Quick and easy question for you guys

Hey guys, got an easy one for ya. I've got a 450 EXC, and I recently raised the idle to about 1800RPM since it was really low and made the engine pretty noisy. Once I got the fuel mixture dialed at operating temp, it raised it even more, to the point where it's hovering between 1900-2000RPM. I think that's a bit too high, so I'm gonna bring it back down to 1800-ish when the rain lets up (unless you guys think that is an OK idle speed? it sounds and runs fine, but the number just seems high to me). My question is, if I'm making a small idle adjustment like this, is it really necessary to adjust the fuel mixture again? Will this small change in idle have any effect on the fuel mixture? Obviously it isn't a huge deal to pop the little fuel screw adjuster back on and run it back and forth a couple of times to verify that it's still tuned correctly, but I was just curious if it will have an effect. I would go out and try it right now, but the rain has moved in and it's supposed to be storming all week. I have no garage to work in, unfortunately.


That's not how you tune the pilot circuit.

Hot motor, drop the idle as low as it will go, and put the fuel screw at 1 turn out.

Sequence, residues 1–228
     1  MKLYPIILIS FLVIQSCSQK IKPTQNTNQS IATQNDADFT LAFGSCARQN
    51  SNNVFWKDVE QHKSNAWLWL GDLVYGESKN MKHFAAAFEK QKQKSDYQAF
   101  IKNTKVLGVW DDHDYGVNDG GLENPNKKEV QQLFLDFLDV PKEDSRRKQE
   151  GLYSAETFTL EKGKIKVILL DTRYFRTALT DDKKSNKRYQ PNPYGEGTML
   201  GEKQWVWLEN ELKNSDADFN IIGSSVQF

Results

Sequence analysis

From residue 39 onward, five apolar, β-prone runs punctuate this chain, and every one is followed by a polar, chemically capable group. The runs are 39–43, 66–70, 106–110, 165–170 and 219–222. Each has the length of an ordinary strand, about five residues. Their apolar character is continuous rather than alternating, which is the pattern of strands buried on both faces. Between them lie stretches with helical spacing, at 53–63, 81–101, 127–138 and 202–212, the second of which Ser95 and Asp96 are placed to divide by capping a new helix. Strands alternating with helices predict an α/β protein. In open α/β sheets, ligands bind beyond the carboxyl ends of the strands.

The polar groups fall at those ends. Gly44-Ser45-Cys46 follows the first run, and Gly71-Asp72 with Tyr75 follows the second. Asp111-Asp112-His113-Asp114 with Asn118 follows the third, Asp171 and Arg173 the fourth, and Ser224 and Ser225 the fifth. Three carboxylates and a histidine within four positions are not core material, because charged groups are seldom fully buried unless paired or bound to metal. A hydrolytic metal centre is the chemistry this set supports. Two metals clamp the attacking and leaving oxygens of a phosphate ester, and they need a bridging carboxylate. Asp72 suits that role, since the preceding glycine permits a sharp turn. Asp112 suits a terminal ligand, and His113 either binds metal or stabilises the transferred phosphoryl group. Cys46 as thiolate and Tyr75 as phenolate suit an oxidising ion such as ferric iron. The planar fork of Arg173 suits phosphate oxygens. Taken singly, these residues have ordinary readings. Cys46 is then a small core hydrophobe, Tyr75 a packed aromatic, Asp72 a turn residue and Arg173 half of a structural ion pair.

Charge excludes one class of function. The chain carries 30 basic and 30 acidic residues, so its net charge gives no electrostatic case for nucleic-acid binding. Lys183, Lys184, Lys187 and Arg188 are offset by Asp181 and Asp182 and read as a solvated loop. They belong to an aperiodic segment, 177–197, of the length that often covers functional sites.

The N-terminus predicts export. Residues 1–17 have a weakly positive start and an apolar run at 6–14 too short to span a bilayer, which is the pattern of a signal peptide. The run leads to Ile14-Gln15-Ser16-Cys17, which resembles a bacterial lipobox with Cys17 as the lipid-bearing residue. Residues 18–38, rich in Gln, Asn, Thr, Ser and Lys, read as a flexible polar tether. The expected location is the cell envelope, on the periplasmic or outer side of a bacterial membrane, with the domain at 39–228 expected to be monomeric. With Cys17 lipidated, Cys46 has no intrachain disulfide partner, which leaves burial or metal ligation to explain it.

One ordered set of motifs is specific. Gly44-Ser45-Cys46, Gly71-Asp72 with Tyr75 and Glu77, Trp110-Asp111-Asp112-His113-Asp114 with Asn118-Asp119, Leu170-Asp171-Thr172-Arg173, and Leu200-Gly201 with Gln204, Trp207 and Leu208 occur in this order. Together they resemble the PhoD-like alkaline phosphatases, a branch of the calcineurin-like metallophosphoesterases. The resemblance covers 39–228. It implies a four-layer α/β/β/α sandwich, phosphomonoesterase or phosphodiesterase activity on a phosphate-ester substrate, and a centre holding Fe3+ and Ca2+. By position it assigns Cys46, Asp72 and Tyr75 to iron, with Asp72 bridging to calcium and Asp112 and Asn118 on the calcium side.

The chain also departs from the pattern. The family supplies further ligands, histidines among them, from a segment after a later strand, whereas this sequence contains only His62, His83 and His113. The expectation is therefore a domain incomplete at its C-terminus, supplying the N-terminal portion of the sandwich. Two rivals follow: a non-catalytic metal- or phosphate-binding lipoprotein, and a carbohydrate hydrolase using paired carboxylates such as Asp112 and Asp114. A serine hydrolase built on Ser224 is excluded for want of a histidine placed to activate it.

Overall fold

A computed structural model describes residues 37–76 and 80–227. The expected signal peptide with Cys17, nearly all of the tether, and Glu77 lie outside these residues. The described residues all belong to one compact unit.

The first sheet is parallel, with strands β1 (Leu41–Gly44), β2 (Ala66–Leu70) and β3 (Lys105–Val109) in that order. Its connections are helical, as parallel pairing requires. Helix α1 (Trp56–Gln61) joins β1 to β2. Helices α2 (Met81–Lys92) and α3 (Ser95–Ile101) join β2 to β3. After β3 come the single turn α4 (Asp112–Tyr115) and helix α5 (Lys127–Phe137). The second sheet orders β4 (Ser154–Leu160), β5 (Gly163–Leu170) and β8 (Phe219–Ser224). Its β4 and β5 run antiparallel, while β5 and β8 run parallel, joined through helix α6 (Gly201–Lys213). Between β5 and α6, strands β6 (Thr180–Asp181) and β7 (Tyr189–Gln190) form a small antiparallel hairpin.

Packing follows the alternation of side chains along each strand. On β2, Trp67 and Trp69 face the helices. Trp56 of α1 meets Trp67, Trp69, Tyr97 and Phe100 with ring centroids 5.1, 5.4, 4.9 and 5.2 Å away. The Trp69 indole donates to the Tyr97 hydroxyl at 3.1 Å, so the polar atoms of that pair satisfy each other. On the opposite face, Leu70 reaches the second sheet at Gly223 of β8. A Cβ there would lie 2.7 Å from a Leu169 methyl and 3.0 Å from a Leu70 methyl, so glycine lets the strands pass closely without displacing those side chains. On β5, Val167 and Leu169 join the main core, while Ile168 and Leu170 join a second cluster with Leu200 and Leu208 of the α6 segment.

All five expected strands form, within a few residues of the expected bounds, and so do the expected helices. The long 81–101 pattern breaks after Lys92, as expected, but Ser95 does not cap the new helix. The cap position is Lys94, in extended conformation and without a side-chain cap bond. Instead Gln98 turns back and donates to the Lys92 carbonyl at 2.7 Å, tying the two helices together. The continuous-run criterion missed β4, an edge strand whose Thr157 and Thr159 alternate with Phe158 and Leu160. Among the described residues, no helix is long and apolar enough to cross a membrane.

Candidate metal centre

Now turn out the FUEL SCREW to raise the idle.

Repeat as needed.

The idle should be adjusted USING THE FUEL SCREW as the last thing you touch.

If you do it with the idle/slide already up, you will be compensating a lean condition (high slide) and have hanging idle and a flat spot.

Hmmm. Well, the fuel screw IS the last thing I touch, following the procedure in the manual. Maybe it's a bike or carb-specific thing, but the procedure in the manual and what lots of others say to do is: start with the fuel screw 1.5 turns out, use the idle adjustor screw to set a ballpark idle with engine at operating temp, turn fuel screw in until idle decreases, turn it out until it increases then decreases again, find the spot in between those two points and leave fuel screw there. If that fuel screw adjustment has ended up with higher than your desired idle, repeat that same process, adjusting the idle and then adjusting the fuel screw again each time. If fuel screw is higher than 2.5 turns out or lower than 0.5 turns at ideal setting, change pilot jet, yada yada.

My question was basically whether I can take a shortcut and just bump the idle adjustor screw up a small amount without needing to re adjust the fuel screw too. Essentially, assuming I am close to my target idle and have a correct fuel screw setting, will turning the idle adjustor a tiny amount affect the mixture significantly?

For what it's worth, I believe I am adjusting the fuel screw correctly. The bike starts first kick every time, idles smoothly, feels strong, no hanging, no flat spots, no surging, no smoke, no backfiring, no overheating, no spooge etc. etc. . I have no problems with how the bike runs, I'm just asking a general question about this idle procedure (also it's more of an "I wonder" question since adjusting the fuel screw is an easy step anyway, so it doesn't truly matter one way or the other). Maybe I should have posted this to the make specific forum? I thought it would be more of a general principle though. 

Edited by hershmagersh

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